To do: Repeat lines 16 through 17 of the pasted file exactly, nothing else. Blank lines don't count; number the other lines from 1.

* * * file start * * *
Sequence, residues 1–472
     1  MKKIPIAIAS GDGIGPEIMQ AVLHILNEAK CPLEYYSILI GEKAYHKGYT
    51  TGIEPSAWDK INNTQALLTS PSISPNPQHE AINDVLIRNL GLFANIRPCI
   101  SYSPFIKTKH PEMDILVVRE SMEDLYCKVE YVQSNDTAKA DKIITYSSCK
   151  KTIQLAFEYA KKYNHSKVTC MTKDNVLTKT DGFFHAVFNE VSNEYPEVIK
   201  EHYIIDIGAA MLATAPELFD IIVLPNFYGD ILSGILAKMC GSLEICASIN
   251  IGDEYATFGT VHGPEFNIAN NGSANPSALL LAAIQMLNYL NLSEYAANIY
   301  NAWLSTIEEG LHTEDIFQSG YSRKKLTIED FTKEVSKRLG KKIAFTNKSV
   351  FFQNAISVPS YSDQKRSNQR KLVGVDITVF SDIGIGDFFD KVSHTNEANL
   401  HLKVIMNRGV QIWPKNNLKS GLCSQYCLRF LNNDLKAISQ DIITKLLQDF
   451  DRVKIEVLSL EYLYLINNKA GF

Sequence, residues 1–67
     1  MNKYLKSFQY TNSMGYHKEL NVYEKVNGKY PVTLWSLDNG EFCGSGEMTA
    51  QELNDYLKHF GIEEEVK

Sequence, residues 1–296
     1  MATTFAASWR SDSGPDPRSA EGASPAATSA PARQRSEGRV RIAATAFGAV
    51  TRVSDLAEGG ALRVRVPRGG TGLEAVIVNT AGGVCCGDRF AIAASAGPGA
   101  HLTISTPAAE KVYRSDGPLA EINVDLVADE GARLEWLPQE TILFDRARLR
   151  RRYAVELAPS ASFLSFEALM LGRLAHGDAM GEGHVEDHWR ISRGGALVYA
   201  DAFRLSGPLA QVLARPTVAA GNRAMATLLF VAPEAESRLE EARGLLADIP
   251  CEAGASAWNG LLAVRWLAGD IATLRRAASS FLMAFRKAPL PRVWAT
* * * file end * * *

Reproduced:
     1  MATTFAASWR SDSGPDPRSA EGASPAATSA PARQRSEGRV RIAATAFGAV
    51  TRVSDLAEGG ALRVRVPRGG TGLEAVIVNT AGGVCCGDRF AIAASAGPGA